04 January 2010

Review: All Alone in the Universe by Lynne Rae Perkins

Debbie and Maureen, Maureen and Debbie . . . they'd been two peas in a pod since they were little, and Debbie thought they'd be that way forever. Then came the middle-school summer when Glenna pushed her way into their lives and Maureen turned all her attention to her new friend, leaving Debbie on her own.

In All Alone in the Universe, Lynne Rae Perkins takes us back to the 1960s, when girls used empty juice cans for curlers, when neighbors helped each other, and when kids could go off biking or hiking on their own.

But some things never change: Children still get hurt when they first discover that others can break up a friendship. After Glenna comes on the scene, Debbie naturally feels all alone and as if no one liked her. Fortunately, with the help of a friendly couple and attentive teachers, Debbie discovers that she can let new people into her life. Some of them will remain acquaintances, but others will become true friends.

Debbie has also reached the age at which she notices that not everyone's parents get along and that some kids have a tough time of it. And thus Debbie learns the importance of reaching out to help those in need. She finds herself becoming more interested in what adults talk about, and as she listens in, she gets another picture of friendship and family.

This is a sweet and nostalgic novel that is geared to older middle readers or younger teens, but it will find an appreciative audience in those who have left adolescence behind. The ending is a bit moralistic, but that might appeal to sixth- or seventh-graders. I wonder, however, if today's children will find Debbie's world a bit too old-fashioned and thus miss the universal message of the story.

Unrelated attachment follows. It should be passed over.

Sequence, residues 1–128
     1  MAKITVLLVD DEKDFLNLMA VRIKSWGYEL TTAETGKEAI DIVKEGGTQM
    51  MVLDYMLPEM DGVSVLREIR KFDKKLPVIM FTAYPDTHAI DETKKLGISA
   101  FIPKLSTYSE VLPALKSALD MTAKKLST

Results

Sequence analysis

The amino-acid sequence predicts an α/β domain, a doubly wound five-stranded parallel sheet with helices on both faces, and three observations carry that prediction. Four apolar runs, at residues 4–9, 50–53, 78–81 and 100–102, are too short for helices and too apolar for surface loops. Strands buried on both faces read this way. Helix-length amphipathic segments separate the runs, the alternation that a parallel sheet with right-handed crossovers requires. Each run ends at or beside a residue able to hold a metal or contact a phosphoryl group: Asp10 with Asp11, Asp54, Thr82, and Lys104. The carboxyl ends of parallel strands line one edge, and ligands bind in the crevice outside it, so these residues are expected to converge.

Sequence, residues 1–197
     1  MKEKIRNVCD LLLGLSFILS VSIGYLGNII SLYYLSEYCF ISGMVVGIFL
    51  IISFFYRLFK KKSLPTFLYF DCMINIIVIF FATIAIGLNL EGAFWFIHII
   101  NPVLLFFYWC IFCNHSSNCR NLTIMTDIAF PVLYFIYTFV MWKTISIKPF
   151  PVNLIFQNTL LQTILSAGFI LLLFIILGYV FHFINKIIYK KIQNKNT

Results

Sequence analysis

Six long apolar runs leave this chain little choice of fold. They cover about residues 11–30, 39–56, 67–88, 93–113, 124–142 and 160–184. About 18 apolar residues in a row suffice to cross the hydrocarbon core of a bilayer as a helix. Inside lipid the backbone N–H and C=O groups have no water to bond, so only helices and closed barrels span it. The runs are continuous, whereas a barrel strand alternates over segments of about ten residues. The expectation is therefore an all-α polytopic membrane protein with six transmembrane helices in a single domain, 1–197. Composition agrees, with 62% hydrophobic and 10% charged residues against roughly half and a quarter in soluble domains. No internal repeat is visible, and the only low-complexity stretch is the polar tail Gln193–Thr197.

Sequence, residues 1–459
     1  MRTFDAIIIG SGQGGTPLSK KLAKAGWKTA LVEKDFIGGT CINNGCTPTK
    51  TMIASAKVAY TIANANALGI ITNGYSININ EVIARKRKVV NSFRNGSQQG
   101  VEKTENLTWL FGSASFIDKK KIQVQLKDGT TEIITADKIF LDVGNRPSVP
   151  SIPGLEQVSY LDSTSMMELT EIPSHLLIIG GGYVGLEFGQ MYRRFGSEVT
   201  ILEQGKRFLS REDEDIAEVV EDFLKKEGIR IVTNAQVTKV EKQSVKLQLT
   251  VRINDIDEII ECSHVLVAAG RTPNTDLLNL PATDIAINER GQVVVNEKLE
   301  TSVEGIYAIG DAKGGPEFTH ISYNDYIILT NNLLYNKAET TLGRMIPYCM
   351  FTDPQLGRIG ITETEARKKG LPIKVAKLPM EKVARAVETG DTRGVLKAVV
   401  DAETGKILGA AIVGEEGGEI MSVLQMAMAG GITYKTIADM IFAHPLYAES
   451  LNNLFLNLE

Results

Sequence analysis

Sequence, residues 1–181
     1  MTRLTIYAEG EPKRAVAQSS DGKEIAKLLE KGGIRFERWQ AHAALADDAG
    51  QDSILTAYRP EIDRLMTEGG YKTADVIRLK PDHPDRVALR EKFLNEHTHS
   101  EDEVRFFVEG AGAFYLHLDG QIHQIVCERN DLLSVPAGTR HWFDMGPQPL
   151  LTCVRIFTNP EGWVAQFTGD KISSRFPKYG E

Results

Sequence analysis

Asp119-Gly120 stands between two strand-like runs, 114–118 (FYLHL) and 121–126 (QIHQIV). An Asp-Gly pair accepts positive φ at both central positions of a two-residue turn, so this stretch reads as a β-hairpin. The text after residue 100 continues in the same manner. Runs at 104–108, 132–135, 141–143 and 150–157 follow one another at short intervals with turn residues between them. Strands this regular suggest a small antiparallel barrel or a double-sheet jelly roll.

Although Perkins's writing style is generally well suited to middle readers, a few lines had me stumped. Here, for example, are two sentences, the second of which sounds pretty but means . . . what?

The street breathed a sigh of relief. The house waited like a scraped knee. (p. 122)

The peek-inside feature on a couple of the commercial bookstore sites shows that the text is punctuated by black and white (pencil?) drawings by the author. They definitely add a charming note to the book.

The audiobook was read by Hope Davis, a new to me narrator who did an excellent job. In fact, the audio edition won an Earphone Award from Audiofile magazine.

Lynne Rae Perkins has a website, which includes teacher activities for her books. All Alone in the Universe was the winner of six awards, including the ALA Booklist Editors' Choice award.

Published by HarperCollins, 2001
ISBN-13: 9780380733026
Challenges: Audiobook, 2010, New Author, Support Library, 100+
Source: Borrowed (see review policy)
YTD: 1
Rating: B−


Julie P. 1/4/10, 9:09 AM  

I sense another one for Booking Daughter!!!

Sandy Nawrot 1/4/10, 9:15 AM  

My daughter has become quite persnickety about what she reads. She's obsessed with vampires these days...

Margot 1/4/10, 1:00 PM  

I like the premise of the book and can see this for my granddaughter (almost 11). She may think it's a little tame now that she's discovered all the fantasy and supernatural novels. Perhaps it's a book for me.

Anonymous,  1/4/10, 2:21 PM  

Sounds okay, but I don't really get the quote either. Waiting like a scraped knee?

bermudaonion 1/4/10, 4:14 PM  

The book sounds good to me since I remember the 60's but I'm trying to figure out the scraped knee thing too.

Beth Kephart 1/4/10, 6:39 PM  

I am going to ponder that scraped knee. I think I will be taking a walk someday and see a house and know that that is the one...

Melody 1/4/10, 7:09 PM  

Sounds good to me! I'll have to check this out!

Michele 1/4/10, 10:43 PM  

It sounds like a good read, although I confess to wondering if I just made up nonsensical phrases (ie, the scraped knee), would I win a literary prize, too? Food for thought.

Kim 1/4/10, 11:45 PM  

Well, aside from the weird scraped knee quote, I think it sounds like a great book. I need to read a couple of young adult books for the twentyten challenge, and this is not a genre I usually dabble in. This one might fit the bill.
Thanks for the great review. I sure remember those nightmare middle school friendship dramas--shudder--but we all lived through them and hopefully, like the girl in the book, grew from them.

Javiera 1/17/10, 4:59 AM  

I read this book many years ago, and although I own it, I'm too lazy to get up and look up the quote for context. However, I just wanted to say that "The house waited like a scraped knee" sounds to me like the house is painful for her, as if she is walking towards it and she can feel it sting because it brings her bad memories.

No clue if that's accurate, but that's what it makes me think of nonetheless :) This is truly a wonderful book.

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